The event that has the most influence on paperback editions of Psycho is, inevitably, the release of Hitchcock’s film in June of 1960, and, in particular of course, Hitchcock’s shower scene. Like Dracula and FrankensteinPsycho assumed iconic status in the twentieth century primarily through film. There can be few other moments in the history of film that have been so repeatedly referenced and reworked and parodied. The shower scene has assumed much the same cultural resonance as the image of Dracula’s fangs poised to penetrate the neck of some bosomy blonde or electricity streaking down to animate Frankenstein’s creature.

Not surprisingly, then, there are very few reprints of Psycho during this period that don’t, either through text or image, evoke the shower scene. Here, for example, is the back cover used for the 1964 and 1969 Corgi editions, and every Corgi I’ve seen has offered some variation on this:

Bloch’s name still appears on the back cover at this stage, even though he has to share the spotlight with Hitchcock. The viewer’s eye, however, is inevitably drawn by the block of colour primarily to ‘She stepped into the shower stall’. The text presented on these Corgi back covers is an abridged and slightly changed version of Bloch’s original, and comparing it with this original is quite revealing. This is the back cover version from the Corgi:

She stepped into the shower stall. She let the warm water gush over her. That’s why she didn’t hear the door open. At first, when the shower curtains parted, steam obscured the face. Then she saw it …

A face, peering through the curtains. A head-scarf concealed the hair, and glassy eyes stared inhumanly. The skin was powdered dead-white and two spots of rouge were centered on the cheekbones.

She started to scream. Then the curtain parted further and a hand appeared, holding a butcher’s knife…

Unlike the text on the dust jackets of the first editions, this text is not designed to arouse curiosity,  to prompt the reader to buy the book to find out what happens. It deals not in suspense but in knowledge; it plays with what we know, not what we don’t know. After Hitchcock’s film, the reader knows that what happens next is an extended voyeuristic blood bath, and, this back cover suggests, with its final ‘…’,  that the same thrilling scene will be found within the pages of the book. But of course it actually won’t be.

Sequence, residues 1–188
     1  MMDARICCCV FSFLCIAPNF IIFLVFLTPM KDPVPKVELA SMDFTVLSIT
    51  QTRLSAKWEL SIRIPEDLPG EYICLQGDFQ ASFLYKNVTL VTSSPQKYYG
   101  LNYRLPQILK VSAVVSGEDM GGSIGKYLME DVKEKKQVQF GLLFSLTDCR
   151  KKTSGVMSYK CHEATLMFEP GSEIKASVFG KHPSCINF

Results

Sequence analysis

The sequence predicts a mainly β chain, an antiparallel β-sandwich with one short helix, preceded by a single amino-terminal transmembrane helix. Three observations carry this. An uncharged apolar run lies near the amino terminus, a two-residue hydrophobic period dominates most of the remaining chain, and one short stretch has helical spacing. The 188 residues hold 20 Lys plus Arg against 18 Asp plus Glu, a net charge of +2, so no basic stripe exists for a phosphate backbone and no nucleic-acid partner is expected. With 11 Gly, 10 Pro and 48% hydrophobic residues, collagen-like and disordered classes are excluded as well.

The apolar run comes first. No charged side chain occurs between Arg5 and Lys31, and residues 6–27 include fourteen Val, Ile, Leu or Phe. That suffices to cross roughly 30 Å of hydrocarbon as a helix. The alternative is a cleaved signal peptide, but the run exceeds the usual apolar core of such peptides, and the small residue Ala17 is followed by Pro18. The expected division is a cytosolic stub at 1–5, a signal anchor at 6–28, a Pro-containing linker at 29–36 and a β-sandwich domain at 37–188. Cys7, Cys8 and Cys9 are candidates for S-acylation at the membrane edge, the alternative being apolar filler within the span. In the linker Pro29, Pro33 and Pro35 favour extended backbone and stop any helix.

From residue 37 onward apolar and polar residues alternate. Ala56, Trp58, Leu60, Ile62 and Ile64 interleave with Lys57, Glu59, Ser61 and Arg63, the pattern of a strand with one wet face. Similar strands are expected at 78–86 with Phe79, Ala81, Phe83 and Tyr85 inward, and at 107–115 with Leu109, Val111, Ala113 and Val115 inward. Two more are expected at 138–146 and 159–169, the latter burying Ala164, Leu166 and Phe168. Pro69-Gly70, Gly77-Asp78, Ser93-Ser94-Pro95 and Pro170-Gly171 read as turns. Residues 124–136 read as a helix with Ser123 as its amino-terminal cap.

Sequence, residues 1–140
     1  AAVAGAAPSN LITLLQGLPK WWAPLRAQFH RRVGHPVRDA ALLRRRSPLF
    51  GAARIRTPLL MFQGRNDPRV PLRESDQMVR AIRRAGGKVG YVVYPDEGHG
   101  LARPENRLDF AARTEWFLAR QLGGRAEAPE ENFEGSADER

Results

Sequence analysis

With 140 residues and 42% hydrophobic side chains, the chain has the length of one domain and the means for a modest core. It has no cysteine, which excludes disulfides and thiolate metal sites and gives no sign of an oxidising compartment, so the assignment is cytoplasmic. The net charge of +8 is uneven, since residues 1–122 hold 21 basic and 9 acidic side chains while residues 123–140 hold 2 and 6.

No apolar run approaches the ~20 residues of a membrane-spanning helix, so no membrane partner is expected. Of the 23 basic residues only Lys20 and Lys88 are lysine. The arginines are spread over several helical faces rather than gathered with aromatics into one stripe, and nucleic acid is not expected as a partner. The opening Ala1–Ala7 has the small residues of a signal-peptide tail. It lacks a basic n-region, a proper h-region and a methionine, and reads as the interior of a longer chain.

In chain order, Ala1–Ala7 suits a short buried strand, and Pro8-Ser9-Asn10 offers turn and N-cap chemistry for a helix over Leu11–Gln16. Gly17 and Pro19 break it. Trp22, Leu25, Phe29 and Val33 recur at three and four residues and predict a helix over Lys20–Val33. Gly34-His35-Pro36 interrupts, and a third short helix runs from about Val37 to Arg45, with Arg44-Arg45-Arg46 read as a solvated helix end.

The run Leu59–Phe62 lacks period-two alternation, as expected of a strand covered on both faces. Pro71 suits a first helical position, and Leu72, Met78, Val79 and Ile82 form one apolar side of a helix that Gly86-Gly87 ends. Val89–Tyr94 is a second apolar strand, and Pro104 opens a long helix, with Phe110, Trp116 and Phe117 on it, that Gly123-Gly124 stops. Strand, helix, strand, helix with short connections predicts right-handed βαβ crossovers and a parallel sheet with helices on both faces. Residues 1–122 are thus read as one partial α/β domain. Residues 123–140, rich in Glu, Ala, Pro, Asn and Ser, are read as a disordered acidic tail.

In Bloch’s text, free indirect discourse is used to place the reader right inside Mary’s mind. Here is some of the original text that this cover blurb is taken from:

A head-scarf concealed the hair and the glassy eyes stared inhumanly, but it wasn’t a mask, it couldn’t be. The skin had been powdered dead-white and two hectic spots of rouge centered on the cheekbones. It wasn’t a mask. It was the face of a crazy old woman.

Mary started to scream, and then the curtains parted further and a hand appeared, holding a butcher’s knife. It was the knife that, a moment later, cut off her scream.

And her head.

Since we are encouraged to think and see things along with Mary, we see no more than she does; when her perceptions are cut off, along with her head, so are ours, and the chapter abruptly ends right here. Although we are later told that Mary’s body is left as a ‘hacked and twisted thing’, the famous slashing scene in Hitchcock’s film is just not part of Bloch’s book; there is simply no extended voyeuristic moment of horror. The back cover, then, suggests something is going to happen that never actually does: Bloch’s Psycho is marketed as though it is going to reproduce the experience of viewing Hitchcock’s Psycho.

I don’t want to suggest that these references to the shower scene on the book covers always function in precisely the same way, however, and at this point they are not necessarily being exploited in order to produce Psycho as a horror novel. Partly, the way these references function in manipulating the reader’s response to the book is inevitably tied in with how Hitchcock’s Psycho is being interpreted at any given moment in time. As Linda Williams argues, while the film has now become ‘the familiar antecedent for familial “slice and dice” horror … audiences who first went to see it did not go to see a slasher horror film; they went to see a Hitchcock thriller with a twist – about which there was a great deal of excitement and quite a bit of mystery’. And what was crucially significant about Psycho for its first viewers, as she goes on to observe, was not its representations of sex or violence: other films had shown far more. What was crucially significant was that it sexualized the motive and the action of violence (Williams 178).